Antalya is a Turkish resort city with a yacht-filled Old Harbor and beaches flanked by large hotels. It's a gateway to Turkey's southern Mediterranean region, known as the Turquoise Coast for its blue waters. Remnants remain from Antalya's time as a major Roman port. These include Hadrian’s Gate, built to honor the Roman emperor’s visit in 130 A.D and 2nd-century Hidirlik Tower, with harbour views.
Today it is one of the world's best-loved tourist resorts, with numerous five-star hotels, holiday villages and entertainment establishments. Besides the chances Antalya offers for skiing on the mountains and then descending to the shore for a swim, the proximity of a great number of archaeological sites and ruins enhances its appeal. There are great works of art from different civilizations at every corner of the city. In the picturesque old quarter of Kaleiçi, narrow, winding streets and old wooden houses about the ancient city walls. When Emperor Hadrian visited Phacelias in Antalya in 130 AD, a beautifully-decorated three arched gate with Corinthian columns was built into the city walls in his honour. It was the only entrance through the city walls. The two towers flanking the gate, as well as other sections of the walls, are standing near the marina. The clock tower in Kalekapısı Square was also part of the old city’s towers. The elegant, fluted minaret of the Yivli Minaret Mosque at the centre of the city, built by the Seljuk Sultan Alaeddin Keykubat in the 13th century, has become Antalya’s symbol. The Karatay Madrasah in the Kaleiçi district, from the same period, exemplifies the best of Seljuk stone carving.
Things to do
The Old Town is a great place to explore independent art galleries and boutiques among monumental structures that survived from the Ottoman, Byzantine, and even Roman empires. Antalya's historic district is a sight in itself and you could happily spend an hour or so strolling the narrow lanes here while admiring the mix of finely restored and creakily dilapidated Ottoman-era architecture.
To Kaleiçi's south lies an ancient Roman harbor dating back to the second century BC. It was used for trade up until the 20th century, and is still a popular yachting marina!
Termessos was a Pisidian city built at an altitude of more than 1000 metres at the south-west side of the mountain Solymos in the Taurus Mountains. It lies 30 kilometres to the north-west of Antalya. Termessos isn't only one of Turkey's best-preserved ancient cities. At the top of Mount Güllük, it offers an array of rare plant and animal species, as well as spectacular views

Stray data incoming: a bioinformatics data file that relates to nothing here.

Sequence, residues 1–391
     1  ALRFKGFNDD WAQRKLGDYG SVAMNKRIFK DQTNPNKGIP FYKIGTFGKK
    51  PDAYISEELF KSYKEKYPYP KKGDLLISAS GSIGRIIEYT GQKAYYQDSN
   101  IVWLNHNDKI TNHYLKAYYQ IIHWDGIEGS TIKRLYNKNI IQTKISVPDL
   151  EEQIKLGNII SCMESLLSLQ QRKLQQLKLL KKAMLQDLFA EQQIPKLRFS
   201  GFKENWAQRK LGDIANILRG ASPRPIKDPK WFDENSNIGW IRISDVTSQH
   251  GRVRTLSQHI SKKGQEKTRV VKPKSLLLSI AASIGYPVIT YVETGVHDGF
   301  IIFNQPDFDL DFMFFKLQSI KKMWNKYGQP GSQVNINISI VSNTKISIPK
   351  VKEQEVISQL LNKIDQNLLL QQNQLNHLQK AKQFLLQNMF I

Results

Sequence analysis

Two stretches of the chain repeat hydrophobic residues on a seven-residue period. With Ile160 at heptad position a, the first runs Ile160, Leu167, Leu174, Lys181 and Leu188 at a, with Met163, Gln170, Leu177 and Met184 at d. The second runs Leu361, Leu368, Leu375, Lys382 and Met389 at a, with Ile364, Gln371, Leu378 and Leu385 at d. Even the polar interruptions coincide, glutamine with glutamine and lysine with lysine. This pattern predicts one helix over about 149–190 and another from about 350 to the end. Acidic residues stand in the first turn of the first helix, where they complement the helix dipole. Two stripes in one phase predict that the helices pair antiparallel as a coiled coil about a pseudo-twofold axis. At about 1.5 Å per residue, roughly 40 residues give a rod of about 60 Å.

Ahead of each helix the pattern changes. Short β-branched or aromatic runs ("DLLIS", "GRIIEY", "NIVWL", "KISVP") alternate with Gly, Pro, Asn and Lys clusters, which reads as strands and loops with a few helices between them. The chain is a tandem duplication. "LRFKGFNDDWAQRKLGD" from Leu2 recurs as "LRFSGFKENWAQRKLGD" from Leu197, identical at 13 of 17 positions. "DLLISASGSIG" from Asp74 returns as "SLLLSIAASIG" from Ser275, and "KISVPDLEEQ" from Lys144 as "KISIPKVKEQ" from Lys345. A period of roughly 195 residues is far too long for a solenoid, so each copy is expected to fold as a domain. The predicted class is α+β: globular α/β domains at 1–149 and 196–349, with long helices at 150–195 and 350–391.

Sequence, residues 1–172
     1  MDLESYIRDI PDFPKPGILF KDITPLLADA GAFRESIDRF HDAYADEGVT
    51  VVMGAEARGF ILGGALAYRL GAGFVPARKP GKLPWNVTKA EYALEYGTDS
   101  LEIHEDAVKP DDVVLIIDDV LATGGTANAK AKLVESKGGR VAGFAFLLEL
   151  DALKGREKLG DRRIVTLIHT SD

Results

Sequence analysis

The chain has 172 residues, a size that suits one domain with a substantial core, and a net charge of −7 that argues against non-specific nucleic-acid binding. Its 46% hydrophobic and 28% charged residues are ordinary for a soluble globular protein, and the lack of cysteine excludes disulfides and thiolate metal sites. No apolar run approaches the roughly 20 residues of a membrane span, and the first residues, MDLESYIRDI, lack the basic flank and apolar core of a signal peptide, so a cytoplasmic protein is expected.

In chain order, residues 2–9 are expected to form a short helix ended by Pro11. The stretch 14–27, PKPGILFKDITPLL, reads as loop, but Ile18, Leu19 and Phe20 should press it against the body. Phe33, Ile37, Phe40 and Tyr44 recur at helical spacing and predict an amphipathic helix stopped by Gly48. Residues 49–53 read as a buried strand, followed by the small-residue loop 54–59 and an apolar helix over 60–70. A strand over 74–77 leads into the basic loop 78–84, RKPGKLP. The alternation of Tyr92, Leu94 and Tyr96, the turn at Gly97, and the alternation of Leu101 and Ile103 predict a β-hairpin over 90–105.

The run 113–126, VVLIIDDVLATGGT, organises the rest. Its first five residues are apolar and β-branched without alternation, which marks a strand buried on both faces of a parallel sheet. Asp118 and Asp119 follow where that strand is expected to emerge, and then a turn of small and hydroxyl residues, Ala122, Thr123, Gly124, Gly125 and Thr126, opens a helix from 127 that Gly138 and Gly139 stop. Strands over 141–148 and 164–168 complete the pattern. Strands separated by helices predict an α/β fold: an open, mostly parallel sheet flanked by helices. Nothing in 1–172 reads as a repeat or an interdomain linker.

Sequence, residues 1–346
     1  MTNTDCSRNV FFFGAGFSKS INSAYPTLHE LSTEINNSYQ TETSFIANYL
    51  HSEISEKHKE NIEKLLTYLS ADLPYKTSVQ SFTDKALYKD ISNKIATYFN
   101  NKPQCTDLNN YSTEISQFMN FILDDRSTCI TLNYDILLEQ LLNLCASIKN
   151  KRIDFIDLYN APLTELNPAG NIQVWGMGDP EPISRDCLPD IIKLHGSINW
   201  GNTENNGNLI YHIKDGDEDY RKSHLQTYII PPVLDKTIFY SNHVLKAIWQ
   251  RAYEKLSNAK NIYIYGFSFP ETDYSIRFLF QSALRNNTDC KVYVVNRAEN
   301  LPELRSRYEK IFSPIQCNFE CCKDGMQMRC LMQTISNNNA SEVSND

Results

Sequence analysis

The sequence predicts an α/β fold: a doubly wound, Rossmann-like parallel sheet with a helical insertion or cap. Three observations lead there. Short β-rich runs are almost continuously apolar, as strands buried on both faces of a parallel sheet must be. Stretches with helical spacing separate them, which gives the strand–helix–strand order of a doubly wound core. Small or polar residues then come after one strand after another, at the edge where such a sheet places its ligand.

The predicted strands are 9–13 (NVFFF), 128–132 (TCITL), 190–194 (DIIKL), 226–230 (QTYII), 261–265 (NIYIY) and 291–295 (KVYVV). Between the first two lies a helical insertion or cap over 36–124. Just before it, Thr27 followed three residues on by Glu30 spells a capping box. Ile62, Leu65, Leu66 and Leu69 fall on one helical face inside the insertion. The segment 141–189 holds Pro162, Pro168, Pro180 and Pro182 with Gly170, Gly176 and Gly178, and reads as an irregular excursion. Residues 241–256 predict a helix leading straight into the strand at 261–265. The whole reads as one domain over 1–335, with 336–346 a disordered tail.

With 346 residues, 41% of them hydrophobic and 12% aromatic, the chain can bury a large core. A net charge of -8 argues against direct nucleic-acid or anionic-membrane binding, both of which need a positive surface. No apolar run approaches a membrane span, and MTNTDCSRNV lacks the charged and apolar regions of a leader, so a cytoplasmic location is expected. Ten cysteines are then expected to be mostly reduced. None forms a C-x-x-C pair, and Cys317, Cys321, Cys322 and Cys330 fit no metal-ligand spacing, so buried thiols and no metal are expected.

Another impressive ancient site in the Antalya province is the capital of former Pamphylia. Book a day-trip to explore its Agora, Nymphaeum, Roman theatre, and many other ruins. Perga or Perge was an ancient Anatolian city, once the capital of Pamphylia Secunda, now in Antalya province on the southwestern Mediterranean coast of Turkey. Today, it is a large site of ancient ruins 15 kilometres east of Antalya on the coastal plain. An acropolis located there dates back to the Bronze Age
Unlike most rivers, the waters of the Düden empty into the Mediterranean by cascading over Antalya's coastal cliffs. It's one of the region's most unmissable natural sight. Düden Waterfalls are a group of waterfalls in the province of Antalya, Turkey. The waterfalls, formed by the recycle station water, are located 12 kilometres north-east of Antalya. They end where the waters of the Lower Düden Falls drop off a rocky cliff directly into the Mediterranean Sea
Another natural wonder within reach is the sun-scorched Cappadocia, renowned for its extraordinary fairy-chimney rock formations! Cappadocia, a semi-arid region in central Turkey, is known for its distinctive “fairy chimneys,” tall, cone-shaped rock formations clustered in Monks Valley, Göreme and elsewhere. Other notables sites include Bronze Age homes carved into valley walls by troglodytes (cave dwellers) and later used as refuges by early Christians. The 100m-deep Ihlara Canyon houses numerous rock-face churches.